In 2003, author and security pioneer Simson Garfinkel conducted a study of data he found on second-hand hard drives. On eBay, Garfinkel bought the hard drive from an old ATM machine; it held 827 bank account PINs. Another drive he purchased on eBay had previously been owned by a medical center and contained information on 31,000 credit card numbers.
That was seven years ago, and the amount of data found on used or resold machines isn't on the downswing. A study published last year by Kessler International found that nearly half of the drives purchased from eBay contained personal data such as e-mail, photos, and confidential documents.
Data, Data, Everywhere
When Garfinkel did his study in 2003, desktop computers still ruled over notebooks; mobile phones were just phones; and gadgets like USB thumb drives, MP3 players, and digital cameras weren't as common as they are now.
To be sure, hard drives remain a serious data security concern today, but your data may also be in places you may not have considered. Case in point: I recently bought a used Chrysler Town & Country minivan decked out with an array of bells and whistles, including a fancy MyGig entertainment system with a 20GB hard drive for storing MP3s and photos. When I began to load the MyGig hard drive with my vast MP3 music library, I discovered that the drive already contained files that the previous owner had failed to remove.
They were just music files--not even music I like--so no compromise of sensitive information existed in this case. However, had the previous owner loaded the MyGig with personal family photos, it could have been another story.
The point is that data resides almost everywhere these days, and you must be vigilant about removing such data before you part with your PC, other gadget, or vehicle. Though excised data is almost always recoverable to some degree, you can take steps to ensure that the average individual buying your used equipment can't access your old files.
Wipe Your Data
At the moment, PC sales are up, thanks to a rebounding economy and Microsoft's Windows 7. An increase in sales also means an uptick in the disposal of old computers to make way for brand-new ones.
First, you should understand that neither deleting files nor reformatting your hard drive will suffice to eradicate data permanently. Both processes really just remove the information that the hard drive needs to find the data--sort of like smoothing out a dog-eared corner that someone has folded down on the page of a book.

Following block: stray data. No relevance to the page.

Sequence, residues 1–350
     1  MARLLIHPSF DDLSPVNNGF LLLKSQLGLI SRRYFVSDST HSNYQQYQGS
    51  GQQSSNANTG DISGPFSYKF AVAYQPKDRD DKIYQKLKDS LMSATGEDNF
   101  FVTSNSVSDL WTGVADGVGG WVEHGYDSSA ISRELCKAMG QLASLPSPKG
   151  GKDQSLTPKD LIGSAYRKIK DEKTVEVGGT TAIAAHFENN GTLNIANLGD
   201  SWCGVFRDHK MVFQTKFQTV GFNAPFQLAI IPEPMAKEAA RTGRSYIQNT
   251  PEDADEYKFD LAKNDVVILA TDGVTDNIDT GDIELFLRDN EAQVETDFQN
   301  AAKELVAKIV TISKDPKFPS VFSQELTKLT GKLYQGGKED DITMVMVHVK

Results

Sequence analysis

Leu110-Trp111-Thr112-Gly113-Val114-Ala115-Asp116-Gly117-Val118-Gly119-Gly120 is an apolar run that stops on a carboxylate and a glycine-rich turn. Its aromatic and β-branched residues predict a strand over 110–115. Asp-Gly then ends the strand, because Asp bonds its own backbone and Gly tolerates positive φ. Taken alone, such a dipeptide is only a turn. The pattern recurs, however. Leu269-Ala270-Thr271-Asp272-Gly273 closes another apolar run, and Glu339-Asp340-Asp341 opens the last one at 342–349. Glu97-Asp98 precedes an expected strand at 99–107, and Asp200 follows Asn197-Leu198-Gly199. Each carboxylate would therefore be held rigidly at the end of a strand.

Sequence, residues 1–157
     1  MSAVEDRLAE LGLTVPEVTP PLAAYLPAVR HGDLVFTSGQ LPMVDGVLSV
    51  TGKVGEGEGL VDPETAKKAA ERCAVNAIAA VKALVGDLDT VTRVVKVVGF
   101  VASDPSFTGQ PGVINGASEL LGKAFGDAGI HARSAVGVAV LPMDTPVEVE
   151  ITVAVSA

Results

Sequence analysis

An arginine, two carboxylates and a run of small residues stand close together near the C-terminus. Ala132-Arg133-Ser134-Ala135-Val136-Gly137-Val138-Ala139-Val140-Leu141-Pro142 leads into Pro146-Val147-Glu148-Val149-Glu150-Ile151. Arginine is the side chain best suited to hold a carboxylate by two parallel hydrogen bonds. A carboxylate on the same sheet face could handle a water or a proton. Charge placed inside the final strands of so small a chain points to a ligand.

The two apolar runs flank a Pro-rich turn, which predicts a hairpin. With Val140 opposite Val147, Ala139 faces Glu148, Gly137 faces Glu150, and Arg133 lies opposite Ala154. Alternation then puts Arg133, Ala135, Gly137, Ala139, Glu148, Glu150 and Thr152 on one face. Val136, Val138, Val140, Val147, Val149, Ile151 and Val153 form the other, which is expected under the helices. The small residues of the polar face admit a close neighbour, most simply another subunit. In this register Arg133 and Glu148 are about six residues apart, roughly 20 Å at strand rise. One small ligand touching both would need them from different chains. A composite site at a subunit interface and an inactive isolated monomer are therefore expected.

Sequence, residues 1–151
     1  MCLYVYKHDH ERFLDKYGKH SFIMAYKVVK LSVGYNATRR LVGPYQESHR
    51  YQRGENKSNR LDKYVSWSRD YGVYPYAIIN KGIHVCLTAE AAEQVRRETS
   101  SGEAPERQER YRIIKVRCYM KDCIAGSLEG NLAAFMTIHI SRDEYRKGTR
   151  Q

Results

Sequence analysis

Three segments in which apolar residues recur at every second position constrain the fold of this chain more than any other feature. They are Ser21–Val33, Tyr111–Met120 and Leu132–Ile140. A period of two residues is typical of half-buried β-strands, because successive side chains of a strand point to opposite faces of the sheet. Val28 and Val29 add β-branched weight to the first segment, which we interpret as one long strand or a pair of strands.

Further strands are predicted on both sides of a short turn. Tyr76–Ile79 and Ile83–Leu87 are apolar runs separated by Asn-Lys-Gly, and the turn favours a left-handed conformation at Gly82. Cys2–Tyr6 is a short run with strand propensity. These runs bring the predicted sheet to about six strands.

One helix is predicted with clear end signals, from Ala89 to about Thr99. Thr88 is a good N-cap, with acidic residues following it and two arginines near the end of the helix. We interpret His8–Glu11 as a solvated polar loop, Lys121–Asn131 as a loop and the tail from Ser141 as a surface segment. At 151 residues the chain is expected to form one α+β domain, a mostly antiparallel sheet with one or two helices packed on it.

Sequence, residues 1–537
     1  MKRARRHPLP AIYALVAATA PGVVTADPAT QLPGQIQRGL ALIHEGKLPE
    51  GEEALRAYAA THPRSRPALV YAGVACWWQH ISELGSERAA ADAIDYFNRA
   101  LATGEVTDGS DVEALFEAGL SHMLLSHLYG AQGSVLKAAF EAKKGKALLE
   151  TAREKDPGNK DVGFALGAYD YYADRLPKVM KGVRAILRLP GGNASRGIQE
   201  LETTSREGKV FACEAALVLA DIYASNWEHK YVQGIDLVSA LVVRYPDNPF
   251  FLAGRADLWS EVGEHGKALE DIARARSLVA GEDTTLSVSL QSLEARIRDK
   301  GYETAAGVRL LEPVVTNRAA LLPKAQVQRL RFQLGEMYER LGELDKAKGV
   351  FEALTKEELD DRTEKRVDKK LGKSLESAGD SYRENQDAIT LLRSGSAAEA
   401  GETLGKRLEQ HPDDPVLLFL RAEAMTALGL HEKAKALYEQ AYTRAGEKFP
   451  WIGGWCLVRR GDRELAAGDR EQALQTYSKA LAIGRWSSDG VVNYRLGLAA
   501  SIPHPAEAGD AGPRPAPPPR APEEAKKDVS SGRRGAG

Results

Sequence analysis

To ensure that your data is removed beyond anyone's practical ability to recover it, you must remove or scramble the data itself, not just the marker that points to it. And that means you need to use a wiping or erasing utility. These tools overwrite every sector of the hard drive with binary ones and zeros, and those that meet government security standards overwrite each sector multiple times for added protection.
Tools like the $30 CyberCide can completely and securely obliterate the data on your PC or hard drive before you dispose of it. Many such utilities are available, and they employ multiple methods for wiping data--including those that meet U.S. Department of Defense standards for secure data removal. (See more tips on erasing a hard drive.)
Fewer tools exist for other gadgets. Removable storage devices such as SD cards can be plugged into a computer and wiped by the same utilities that work for computers and hard drives.
Devices like the Apple iPhone and the iPod Touch have storage capacities of up to 64GB built in. Before passing on your iPhone, go into the device's Settings and choose General, Reset, Erase All Content and Settings to clear your data.
Members of the latest generation--the iPhone 3GS, and the 32GB and 64GB iPod Touch devices introduced in 2009--have built-in hardware encryption. Select Erase All Content and Settings on these devices to delete the encryption key and render the data useless.
Older iPhones and iPods simply overwrite the data with a series of ones and zeros. The process can take hours, depending on the capacity of the device, but it at least ensures that the next owner of the iPhone won't have access to any of your personal information.
Obliterate the Media
If all else fails, physically destroying the device will generally ensure that no one can access the data on it. Even physical destruction has to be done properly, however, to guarantee that the data cannot be recovered. An entire industry specializes in retrieving information from storage media that has been damaged in fires, floods, or other disasters.
Some firms ensure physical destruction by using a product like the Guardian Physical Drive Destroyer (see a video of this product).
You could just use a sledgehammer, of course, but unless you do a very thorough job, it may still be possible to recover data from the drive platters.